3. An officer or employee of a state agency. . . should not by his conduct give reasonable basis for the impression that any person can improperly influence him or unduly enjoy his favor in the performance of his official duties, or that he is affected by the kinship, rank, position or influence of any party or person.

  4. An officer or employee of a state agency. . . should endeavor to pursue a course of conduct which will not raise suspicion among the public that he is likely to engage in acts that are in violation of his trust.


    Public Officers Law §74 deals with conduct that may result in actual conflicts of interest as well as conduct that could give the impression that a conflict exists. As the Attorney General Stated in a 1979 opinion:

    A public official must not only be innocent of any wrongdoing, but he must be alert at all times so that his acts and conduct give the public no cause for suspicion. He must give no appearance of a potential conflict between his official duties and personal activities even though an actual conflict is not present. . . .(4)

    Where a State employee seeks approval of an outside activity, the Commission, in general, considers several factors: the employee's duties on behalf of the agency for which he or she works; the relationship of the agency and the employee to the proposed outside activity; whether the employee would be in a position to use his or her position to secure unwarranted privileges; and whether the outside activity would impair the employee's independence of judgment in the exercise of official duties (Advisory Opinion Nos. 90-5, 92-3, 92-16).

    Applying these standards, the Commission held in the informal opinion that [the State employees] can, consistent with Public Officers Law §74, continue to own and operate their out of state franchises since they, as SLA employees, cannot exercise authority over the owners of the sites that host the tournaments they organize. There appears to be no argument with respect to this part of the opinion.

    The portion of the opinion with which [the lawyer] takes issue is the restriction imposed on his clients in carrying out their public duties in New York as a result of their ownership of the out-of-state franchises. The Commission begins its analysis by considering [the lawyer's] arguments with respect to this restriction.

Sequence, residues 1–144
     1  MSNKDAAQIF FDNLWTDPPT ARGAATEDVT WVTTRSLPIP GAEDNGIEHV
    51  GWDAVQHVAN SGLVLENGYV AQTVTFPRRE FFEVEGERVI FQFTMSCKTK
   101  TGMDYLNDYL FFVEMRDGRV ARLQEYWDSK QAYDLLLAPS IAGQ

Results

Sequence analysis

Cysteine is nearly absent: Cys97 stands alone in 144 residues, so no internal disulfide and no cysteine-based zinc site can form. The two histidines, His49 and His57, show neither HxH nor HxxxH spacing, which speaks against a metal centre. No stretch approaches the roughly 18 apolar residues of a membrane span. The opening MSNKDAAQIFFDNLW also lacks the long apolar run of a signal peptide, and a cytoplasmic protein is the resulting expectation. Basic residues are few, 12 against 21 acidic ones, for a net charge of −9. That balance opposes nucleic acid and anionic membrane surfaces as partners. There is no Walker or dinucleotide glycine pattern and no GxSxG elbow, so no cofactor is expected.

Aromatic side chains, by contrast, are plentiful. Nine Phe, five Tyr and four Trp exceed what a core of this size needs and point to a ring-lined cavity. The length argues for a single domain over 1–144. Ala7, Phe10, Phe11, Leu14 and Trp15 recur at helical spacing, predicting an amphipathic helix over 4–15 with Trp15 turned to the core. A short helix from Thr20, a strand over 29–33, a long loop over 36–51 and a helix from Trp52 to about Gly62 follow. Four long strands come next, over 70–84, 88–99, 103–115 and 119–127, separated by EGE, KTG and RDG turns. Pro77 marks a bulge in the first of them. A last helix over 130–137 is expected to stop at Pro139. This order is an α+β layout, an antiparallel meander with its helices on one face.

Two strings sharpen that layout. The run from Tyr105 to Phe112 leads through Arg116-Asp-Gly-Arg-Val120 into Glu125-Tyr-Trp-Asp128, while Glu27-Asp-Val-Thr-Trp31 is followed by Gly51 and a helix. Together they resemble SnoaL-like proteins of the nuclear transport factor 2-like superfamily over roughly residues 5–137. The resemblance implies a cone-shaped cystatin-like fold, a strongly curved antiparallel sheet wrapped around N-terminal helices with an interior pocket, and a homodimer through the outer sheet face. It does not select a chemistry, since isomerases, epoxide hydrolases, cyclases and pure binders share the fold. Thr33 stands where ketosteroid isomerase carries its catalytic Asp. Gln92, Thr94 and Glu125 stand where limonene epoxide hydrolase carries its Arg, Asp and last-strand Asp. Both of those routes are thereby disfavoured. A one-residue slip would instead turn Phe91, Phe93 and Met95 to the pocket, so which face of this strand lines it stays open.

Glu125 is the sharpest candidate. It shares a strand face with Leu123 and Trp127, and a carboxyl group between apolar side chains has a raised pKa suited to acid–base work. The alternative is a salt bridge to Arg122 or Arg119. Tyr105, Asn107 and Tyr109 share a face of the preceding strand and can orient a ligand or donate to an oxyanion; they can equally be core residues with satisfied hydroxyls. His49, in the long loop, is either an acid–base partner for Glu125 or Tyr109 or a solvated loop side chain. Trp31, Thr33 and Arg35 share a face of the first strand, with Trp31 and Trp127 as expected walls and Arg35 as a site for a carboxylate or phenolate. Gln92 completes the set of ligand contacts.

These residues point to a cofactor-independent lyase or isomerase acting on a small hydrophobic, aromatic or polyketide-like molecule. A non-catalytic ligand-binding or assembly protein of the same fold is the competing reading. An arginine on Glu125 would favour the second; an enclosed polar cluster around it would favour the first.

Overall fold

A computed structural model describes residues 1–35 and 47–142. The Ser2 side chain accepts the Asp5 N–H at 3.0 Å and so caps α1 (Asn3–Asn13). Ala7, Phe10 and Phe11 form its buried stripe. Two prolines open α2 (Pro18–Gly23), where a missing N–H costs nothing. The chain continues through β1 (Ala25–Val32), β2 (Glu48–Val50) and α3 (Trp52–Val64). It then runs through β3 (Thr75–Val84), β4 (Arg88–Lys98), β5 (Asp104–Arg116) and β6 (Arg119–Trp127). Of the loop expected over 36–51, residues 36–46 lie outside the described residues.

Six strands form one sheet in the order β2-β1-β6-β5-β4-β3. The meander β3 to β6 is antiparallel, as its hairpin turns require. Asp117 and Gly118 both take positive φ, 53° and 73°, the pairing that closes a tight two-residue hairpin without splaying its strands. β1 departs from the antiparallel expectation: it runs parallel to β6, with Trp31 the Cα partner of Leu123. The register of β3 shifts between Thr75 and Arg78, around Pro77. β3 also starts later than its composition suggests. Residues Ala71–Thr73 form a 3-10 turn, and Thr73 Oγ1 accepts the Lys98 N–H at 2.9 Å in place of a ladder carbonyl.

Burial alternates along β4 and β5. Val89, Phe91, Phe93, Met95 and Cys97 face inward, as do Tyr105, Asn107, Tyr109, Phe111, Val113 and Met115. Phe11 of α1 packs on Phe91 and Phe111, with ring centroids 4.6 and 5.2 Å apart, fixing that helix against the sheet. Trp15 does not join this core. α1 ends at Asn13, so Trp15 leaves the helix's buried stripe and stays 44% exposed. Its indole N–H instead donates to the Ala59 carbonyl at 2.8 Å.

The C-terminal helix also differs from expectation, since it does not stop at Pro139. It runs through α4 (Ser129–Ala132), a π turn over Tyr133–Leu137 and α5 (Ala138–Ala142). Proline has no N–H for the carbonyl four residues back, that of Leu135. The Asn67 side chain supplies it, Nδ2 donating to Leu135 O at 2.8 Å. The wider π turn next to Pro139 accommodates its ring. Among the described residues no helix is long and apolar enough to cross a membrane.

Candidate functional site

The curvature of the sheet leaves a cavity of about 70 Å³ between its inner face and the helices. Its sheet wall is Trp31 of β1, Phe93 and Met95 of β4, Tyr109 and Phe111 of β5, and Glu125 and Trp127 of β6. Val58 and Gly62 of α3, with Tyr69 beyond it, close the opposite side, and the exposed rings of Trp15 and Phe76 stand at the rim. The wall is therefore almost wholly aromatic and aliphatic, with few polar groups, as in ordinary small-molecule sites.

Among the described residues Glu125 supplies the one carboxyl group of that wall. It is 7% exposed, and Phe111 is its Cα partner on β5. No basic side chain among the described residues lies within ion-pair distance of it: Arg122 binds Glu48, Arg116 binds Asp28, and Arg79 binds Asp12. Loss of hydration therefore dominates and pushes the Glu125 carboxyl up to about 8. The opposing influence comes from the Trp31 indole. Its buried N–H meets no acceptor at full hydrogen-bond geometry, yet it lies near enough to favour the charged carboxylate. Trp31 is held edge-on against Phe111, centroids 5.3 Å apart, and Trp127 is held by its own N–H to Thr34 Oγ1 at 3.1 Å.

His first argument is that [the brewer], a licensee of the SLA, is no longer a national sponsor of the [sports association]. However, in its informal opinion, the Commission considered the role of [the brewer] and determined that its sponsorship did not preclude [the State employees] from continuing to hold their out of state franchises. The role of [the brewer] was not the basis for the restriction to which [the lawyer] objects. Thus, the withdrawal of [the brewer] as a sponsor does not affect the Commission's conclusion.

    With regard to [the lawyer's] second argument -- that his clients receive no financial benefits from the New York host sites that they inspect -- there is nothing presented here that was not considered before. [The State employees] were precluded from inspecting New York host sites because their involvement with the [sports association] could lead to the perception that they would not be unbiased. As for their inability to identify a facility as [a sports association] site, it is the Commission's understanding that many facilities extensively promote in a highly visible manner, such as by hanging banners, their [sports association] activities.

    [The lawyer's] last argument -- that the Commission was unaware of the number of facilities in New York -- is also unavailing. It is true that the Commission was unaware of which facilities in New York were [sports association] sites; that is why it recommended that the SLA obtain a list. However, if there is a perception of possible bias in the inspection of [a sports association] site in New York, that perception is not altered by the fact that there are a particular number of sites, whether that number be small or large. The basic principles underlying the Commission's determination remain.

    It is fundamental that the ability of the SLA to enforce the governing laws and rules depends upon its investigators carrying out their duties responsibly, fairly and without favor, and that they be perceived as acting in such a manner. As the New York State Attorney General has said: "Public officials should avoid private employment which compromises their ability to make impartial judgments solely in the public interest. Even the appearance of impropriety should be avoided to maintain public confidence in government."(5)